So here's the very first Platetrotter guest post, from Hansel, taking us on a fantastic tour of the feni trail in Goa.
An Illustrative Guide to Goan Feni by Hansel Vaz
We were lucky - like the chilly, tomato, potato and a few more exotics, the cashew too was not native to Goa. This ‘alien’ was indigenous to North Eastern Brazil, and against all odds, hopped across continents and sailed across oceans to finally land on the Western shores of this erstwhile Portuguese colony in India, to a land then still known by its colonial name - Estado da India. The cashew took to our red soil and tropical climate so beautifully, that today we call it our own.
Who knows? It probably was the taste for imported curiosities that led the cashew fruit (aka the cashew apple) to a more glorious future! By 1740, spies in the Portuguese empire were already secretly documenting that Goans enjoyed an alcohol distilled from this exotic fruit, unlike anywhere else in the world. Our ancestors were already inventors.
If you want to make good Cashew Feni, you have to first begin with picking the right cashews. The local variety - the ‘balli’ coloured in gentle yellows, oranges and vibrant reds (left) is best suited, as opposed to the emaciated monochrome ‘scientific hybrids’ that are also cultivated (right).
Early afternoon is when ‘cazkars’ – cashew pickers - organise themselves to methodically comb the orchards for naturally fallen cashew apples. Tree-ripened naturally-fallen fruit are full of sugars and low in the astringent sap, so make the best feni. Dressed like ninjas - covered head to toe - to avoid insect bites and scratches, they arm themselves with a ‘canto’, to spear fallen fruit into a basket.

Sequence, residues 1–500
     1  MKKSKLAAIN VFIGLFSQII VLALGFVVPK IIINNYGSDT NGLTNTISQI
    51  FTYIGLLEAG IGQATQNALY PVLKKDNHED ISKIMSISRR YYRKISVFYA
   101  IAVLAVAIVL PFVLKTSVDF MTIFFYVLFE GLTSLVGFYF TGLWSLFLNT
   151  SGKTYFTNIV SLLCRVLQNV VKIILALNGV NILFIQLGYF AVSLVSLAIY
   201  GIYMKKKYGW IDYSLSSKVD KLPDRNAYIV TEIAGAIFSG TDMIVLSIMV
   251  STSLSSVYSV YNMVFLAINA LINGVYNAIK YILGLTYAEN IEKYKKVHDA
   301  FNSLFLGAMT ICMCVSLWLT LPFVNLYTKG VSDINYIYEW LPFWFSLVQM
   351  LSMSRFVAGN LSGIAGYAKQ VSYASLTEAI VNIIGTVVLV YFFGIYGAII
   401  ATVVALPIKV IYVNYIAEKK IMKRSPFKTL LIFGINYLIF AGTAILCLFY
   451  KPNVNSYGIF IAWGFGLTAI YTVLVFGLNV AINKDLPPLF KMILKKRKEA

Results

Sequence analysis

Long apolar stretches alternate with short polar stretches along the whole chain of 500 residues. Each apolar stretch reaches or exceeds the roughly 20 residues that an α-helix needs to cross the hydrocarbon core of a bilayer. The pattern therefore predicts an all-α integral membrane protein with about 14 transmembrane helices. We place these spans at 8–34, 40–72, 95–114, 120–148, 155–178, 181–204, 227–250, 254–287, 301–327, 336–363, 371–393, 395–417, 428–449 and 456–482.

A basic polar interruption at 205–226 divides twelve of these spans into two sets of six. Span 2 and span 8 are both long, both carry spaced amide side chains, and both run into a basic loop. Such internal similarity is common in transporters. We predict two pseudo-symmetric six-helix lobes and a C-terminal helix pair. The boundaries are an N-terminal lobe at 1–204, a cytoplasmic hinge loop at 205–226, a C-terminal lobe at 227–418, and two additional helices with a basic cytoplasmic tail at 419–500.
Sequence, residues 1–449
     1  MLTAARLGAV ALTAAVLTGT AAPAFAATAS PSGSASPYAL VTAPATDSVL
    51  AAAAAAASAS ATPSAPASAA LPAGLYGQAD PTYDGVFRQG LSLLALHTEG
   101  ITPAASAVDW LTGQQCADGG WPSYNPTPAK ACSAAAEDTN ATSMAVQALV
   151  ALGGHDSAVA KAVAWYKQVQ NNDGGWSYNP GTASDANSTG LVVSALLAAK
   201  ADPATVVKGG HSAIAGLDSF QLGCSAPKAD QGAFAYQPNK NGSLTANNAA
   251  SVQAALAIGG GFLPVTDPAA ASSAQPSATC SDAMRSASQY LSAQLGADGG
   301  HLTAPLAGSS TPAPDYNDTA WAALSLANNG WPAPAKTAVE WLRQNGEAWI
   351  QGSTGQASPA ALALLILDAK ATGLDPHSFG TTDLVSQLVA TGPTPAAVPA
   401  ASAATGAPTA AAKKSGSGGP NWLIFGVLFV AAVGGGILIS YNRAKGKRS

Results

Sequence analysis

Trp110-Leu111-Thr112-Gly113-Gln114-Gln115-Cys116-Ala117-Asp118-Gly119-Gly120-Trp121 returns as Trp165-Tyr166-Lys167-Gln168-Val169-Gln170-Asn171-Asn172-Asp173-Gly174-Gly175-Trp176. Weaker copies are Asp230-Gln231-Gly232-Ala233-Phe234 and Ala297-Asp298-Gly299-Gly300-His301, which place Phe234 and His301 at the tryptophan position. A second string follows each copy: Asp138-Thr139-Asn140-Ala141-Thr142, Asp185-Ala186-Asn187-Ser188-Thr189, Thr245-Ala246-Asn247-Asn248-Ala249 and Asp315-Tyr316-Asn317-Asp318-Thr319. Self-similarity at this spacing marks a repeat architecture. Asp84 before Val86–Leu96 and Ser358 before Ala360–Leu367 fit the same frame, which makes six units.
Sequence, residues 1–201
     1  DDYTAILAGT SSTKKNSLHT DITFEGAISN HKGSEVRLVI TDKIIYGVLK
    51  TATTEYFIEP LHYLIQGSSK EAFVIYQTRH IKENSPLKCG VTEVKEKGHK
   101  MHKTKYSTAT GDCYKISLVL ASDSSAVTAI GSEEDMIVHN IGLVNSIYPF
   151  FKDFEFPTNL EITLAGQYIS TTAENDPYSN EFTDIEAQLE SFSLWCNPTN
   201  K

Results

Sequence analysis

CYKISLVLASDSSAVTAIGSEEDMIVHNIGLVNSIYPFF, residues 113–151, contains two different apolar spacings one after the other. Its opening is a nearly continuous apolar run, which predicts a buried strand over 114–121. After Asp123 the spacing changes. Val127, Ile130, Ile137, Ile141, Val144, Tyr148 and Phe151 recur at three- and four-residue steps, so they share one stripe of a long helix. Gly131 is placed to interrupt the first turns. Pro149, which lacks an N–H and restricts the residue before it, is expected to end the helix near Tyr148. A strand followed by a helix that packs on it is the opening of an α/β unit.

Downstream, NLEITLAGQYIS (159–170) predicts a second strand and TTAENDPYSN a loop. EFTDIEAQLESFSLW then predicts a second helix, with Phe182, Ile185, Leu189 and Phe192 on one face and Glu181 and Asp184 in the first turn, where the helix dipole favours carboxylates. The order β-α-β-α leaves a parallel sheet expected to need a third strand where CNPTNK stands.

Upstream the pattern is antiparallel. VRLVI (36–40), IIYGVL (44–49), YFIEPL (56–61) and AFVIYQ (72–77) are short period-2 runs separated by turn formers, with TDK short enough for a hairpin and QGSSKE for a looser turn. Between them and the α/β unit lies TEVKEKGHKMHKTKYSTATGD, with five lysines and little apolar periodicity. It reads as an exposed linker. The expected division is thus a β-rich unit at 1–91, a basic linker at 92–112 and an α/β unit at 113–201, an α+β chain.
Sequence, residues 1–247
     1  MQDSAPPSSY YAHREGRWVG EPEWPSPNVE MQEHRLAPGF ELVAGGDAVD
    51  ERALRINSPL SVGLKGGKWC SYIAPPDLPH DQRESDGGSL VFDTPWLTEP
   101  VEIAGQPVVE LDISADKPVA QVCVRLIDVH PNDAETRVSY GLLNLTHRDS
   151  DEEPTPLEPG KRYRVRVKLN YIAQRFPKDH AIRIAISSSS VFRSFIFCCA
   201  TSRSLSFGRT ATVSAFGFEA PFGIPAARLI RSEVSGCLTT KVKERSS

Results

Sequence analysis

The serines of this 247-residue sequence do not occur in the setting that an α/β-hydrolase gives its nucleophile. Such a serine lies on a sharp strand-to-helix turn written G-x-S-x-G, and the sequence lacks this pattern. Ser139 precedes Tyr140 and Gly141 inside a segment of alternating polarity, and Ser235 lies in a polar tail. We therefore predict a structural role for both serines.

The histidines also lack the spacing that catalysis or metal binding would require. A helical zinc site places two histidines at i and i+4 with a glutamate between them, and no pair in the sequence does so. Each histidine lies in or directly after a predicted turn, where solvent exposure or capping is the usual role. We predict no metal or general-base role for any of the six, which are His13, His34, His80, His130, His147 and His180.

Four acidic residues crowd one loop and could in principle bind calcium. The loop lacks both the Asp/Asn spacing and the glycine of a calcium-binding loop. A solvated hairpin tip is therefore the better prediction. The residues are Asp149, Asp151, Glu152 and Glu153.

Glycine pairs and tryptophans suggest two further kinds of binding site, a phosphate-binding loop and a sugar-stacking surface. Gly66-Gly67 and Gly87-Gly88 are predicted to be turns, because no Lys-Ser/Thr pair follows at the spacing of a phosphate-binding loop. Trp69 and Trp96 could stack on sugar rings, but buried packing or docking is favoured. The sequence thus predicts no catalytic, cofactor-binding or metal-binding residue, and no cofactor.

Cashew apples are dropped into the ‘colmbi’, stone basins that have been carved into solid rock, where another set of workers de-seed the nuts from the cashew apples, to prepare for the stomp.
It may look fun, but it is serious work - stomping the fruit to gently express its juices. Men work in pairs and trample the cashew fruit to a pulp.
The pulp is then made into a mound and trussed together with a vine. Heavy rocks are placed on top to press the remaining juice out of the pulp overnight.
The juice is strained and allowed to naturally ferment in earthen pots. No nutrients, catalysts or artificial yeasts are added, and nature takes over from where man left off - converting natural sugars into alcohol.
After fermentation, when the wash stops bubbling, it is ready for distillation. Traditionally feni was distilled in purposefully-crafted earthen pots, now replaced by more practical copper pots.